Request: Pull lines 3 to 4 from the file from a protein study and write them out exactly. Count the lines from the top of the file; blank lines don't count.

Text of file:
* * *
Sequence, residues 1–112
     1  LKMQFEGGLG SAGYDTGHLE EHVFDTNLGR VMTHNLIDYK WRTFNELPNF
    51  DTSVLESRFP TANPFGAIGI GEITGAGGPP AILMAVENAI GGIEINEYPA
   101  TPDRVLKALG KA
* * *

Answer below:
    51  DTSVLESRFP TANPFGAIGI GEITGAGGPP AILMAVENAI GGIEINEYPA
   101  TPDRVLKALG KA